I am deeply saddened to hear that Mr. Sorensen passed away, and wish his family the best during this difficult time. It has been an honor being a Sorensen Fellow, to be associated with a man whose dedication to public service has been truly inspiring. I plan on becoming a lawyer in the future and would like to dedicate my career to pursuing a branch of law that impacts people in a positive way on a daily basis. I was honored to meet Mr. Sorensen last year, and was struck by his humble demeanor, intelligence and idiosyncratic sense of humor. I specifically remember him asking me, "Who is the president of China?" I was puzzled, and responded, "Hu Jintao." He repeated the question. I responded with "Hu." It took me a while to realize that he wasn't asking me a question; instead, he was simply stating "Hu is the president of China." That was one of the best jokes I've ever heard, and everyone present at the reception had a good laugh. This summer, I was an English teacher through WorldTeach in a village high up in the Ecuadorian Andes. At the local primary school, I taught four classes of English to children in the community ages 6 to 17. Living with a wonderful host family who taught me all about farm life, I woke up each morning to the sounds of roosters outside my bedroom and brushed my teeth at the outdoor sink with the lush, green Andean hills in the background. It sounds cliché, but I learned a lot in Ecuador about life, and came back to the United States as a more humbled human being. Without this experience, I also would not have been able to explore a side of myself that I never knew existed. I wish I could have related my experiences in Ecuador to Mr. Sorensen. I am honored to be a Sorensen Fellow.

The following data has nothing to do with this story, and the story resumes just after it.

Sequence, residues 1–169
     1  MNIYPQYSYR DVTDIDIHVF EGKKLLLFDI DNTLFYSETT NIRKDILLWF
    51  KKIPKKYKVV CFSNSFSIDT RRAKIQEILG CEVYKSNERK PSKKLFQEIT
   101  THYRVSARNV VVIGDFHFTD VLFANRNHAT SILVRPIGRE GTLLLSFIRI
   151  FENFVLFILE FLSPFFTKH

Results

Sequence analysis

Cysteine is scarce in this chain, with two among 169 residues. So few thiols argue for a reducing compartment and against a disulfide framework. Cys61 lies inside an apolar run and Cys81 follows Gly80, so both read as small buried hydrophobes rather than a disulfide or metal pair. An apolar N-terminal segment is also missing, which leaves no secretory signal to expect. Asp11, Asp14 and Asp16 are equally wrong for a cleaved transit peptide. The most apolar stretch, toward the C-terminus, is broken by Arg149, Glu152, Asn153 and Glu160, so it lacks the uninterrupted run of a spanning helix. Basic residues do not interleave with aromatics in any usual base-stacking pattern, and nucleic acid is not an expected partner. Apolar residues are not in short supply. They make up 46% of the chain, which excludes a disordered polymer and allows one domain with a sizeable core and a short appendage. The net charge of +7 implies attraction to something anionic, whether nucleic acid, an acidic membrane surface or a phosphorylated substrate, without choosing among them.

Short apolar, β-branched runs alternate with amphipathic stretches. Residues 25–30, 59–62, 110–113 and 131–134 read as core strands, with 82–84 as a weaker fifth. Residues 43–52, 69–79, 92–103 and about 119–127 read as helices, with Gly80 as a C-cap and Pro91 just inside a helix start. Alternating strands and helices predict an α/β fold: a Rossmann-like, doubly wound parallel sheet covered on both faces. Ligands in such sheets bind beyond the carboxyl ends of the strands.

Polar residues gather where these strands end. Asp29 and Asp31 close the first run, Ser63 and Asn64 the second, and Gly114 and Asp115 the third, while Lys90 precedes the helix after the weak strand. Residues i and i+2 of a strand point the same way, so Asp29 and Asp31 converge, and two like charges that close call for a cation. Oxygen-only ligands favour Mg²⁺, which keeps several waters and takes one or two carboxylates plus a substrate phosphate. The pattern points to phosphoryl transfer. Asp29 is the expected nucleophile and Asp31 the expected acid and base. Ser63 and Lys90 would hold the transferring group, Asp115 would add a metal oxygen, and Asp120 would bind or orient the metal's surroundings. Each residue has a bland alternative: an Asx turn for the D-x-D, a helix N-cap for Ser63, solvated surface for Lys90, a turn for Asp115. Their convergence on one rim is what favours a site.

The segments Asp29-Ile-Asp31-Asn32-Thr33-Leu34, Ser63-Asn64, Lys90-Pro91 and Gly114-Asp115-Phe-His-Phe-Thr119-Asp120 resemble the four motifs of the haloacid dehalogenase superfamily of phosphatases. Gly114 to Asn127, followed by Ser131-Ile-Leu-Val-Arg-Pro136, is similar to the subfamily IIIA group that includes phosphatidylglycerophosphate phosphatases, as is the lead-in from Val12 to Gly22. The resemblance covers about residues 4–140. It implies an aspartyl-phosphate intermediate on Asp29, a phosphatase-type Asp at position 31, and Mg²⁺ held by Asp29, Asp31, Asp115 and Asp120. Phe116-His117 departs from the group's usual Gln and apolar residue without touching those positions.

I am proud to be a Sorensen Fellow and to be associated with this great man. In my work in Moshi, Tanzania, I worked with an NGO that provided microloans, vocational training and legal counseling for women. I feel very grateful that I was able to have this experience and especially to have it through the Ethics Center. The Ethics Center is always pushing students to work for social justice. Thus, the namesake of my fellowship has never been a question. Mr. Sorensen is inspiring to me because he ultimately worked for social justice. My condolences to the Sorensen family.